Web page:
“I saw some of the recordings and videos (of exorcisms Sarchie has been involved with) in 2003. It’s all pretty harrowing stuff, I have to say,” Derrickson says. “I showed some of the footage to Eric Bana early on. With Edgar, I gave him a book called Hostage to the Devil (Reader’s Digest Press, 1976), which is an account of five of the scariest stories I’ve ever read. I told him, ‘Don’t do any research, just read two of these cases.’ He read one and had to put it away.
“It’s not to be trifled with,” he adds. “I’ve never recommended any of those things to anyone for amusement. But it’s for an important purpose, and it had a huge impact on the movie. One of the reasons the performances are so good is that they know it’s about something that really goes on.”
What is it that draws a self-professed Christian like Derrickson to horror stories about exorcism?
“I need to be able to integrate my view of the world into what I do,” he says. “I’m not a skeptical materialist. I am a person of some faith and belief, and I need to be able to tell stories that draw upon that and invite that. Some of the direct dialogue in Deliver Us From Evil is about good and evil. You can do that in a horror film in a way you can’t do in other films. It invites it, it needs it. It’s an interest in mystery more than an interest in horror.”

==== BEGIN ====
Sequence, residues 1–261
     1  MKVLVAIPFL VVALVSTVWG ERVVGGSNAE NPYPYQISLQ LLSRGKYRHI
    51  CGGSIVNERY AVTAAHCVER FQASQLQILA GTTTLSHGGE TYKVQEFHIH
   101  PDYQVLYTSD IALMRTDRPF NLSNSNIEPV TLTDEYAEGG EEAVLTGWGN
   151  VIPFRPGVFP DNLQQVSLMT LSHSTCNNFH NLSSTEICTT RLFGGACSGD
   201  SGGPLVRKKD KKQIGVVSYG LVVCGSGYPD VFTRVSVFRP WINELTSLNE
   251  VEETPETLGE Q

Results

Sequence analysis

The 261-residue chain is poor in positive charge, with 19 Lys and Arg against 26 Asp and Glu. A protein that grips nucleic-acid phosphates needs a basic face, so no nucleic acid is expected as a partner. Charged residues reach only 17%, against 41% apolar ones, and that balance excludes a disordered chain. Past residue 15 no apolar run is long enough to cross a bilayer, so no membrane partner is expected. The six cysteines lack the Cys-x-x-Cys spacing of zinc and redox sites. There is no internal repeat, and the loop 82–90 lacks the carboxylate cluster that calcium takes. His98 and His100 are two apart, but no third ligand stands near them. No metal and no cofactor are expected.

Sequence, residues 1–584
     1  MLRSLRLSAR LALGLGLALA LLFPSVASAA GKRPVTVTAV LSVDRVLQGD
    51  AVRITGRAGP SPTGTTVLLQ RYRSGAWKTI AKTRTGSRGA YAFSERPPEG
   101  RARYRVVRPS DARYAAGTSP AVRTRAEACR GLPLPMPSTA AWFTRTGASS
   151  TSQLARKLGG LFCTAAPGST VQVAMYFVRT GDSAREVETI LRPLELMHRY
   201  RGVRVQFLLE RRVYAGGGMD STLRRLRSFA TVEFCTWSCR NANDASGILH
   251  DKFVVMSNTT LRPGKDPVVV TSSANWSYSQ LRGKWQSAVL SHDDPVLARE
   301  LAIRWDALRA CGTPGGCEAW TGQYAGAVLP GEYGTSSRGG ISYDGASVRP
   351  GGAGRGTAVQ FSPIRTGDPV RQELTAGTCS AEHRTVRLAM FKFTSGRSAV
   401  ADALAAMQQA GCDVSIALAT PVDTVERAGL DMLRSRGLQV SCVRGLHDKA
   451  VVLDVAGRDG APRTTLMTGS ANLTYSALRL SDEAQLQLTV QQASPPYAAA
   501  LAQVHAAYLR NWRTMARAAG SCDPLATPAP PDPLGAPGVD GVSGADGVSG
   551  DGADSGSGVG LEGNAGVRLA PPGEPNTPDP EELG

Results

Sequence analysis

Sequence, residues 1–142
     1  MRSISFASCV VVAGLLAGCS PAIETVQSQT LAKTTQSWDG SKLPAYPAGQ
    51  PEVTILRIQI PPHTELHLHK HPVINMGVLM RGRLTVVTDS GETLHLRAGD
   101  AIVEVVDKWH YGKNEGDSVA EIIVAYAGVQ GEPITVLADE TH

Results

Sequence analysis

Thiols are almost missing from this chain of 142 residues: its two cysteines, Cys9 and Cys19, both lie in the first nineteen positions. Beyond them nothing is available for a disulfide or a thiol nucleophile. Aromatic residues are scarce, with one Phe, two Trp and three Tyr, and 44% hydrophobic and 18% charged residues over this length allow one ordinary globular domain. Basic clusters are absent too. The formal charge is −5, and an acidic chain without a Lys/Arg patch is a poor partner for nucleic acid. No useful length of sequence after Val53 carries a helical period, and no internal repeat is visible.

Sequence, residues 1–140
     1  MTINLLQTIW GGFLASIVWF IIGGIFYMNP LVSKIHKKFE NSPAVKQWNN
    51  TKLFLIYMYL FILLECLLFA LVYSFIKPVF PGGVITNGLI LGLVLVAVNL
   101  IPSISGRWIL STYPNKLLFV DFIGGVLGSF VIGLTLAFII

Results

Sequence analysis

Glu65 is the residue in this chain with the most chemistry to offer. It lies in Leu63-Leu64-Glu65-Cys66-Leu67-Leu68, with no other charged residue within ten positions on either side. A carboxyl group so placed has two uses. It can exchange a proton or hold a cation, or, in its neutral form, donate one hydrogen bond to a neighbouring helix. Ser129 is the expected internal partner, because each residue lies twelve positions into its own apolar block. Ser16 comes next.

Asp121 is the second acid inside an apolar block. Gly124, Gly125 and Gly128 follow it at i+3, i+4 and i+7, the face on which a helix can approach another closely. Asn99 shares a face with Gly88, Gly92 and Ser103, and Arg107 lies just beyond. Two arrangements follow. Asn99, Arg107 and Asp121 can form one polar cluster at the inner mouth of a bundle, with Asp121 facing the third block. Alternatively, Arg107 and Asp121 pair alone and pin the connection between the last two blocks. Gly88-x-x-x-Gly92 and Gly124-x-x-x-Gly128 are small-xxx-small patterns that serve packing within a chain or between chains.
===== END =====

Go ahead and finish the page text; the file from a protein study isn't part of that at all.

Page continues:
In the film, Sarchie has the gift of discernment of spirits: He sees and hears things that the people around him don’t, something his police partner (played brilliantly by Joel McHale) refers to as his “radar.”
“I don’t have that gift,” the real Sarchie says frankly. “It just makes for a good story is all. The Holy Ghost tells me a lot because I pray on it when I get a case, and I ask. If I’m having a rough time, I usually get my answer in a few days. I have to rely on prayer.”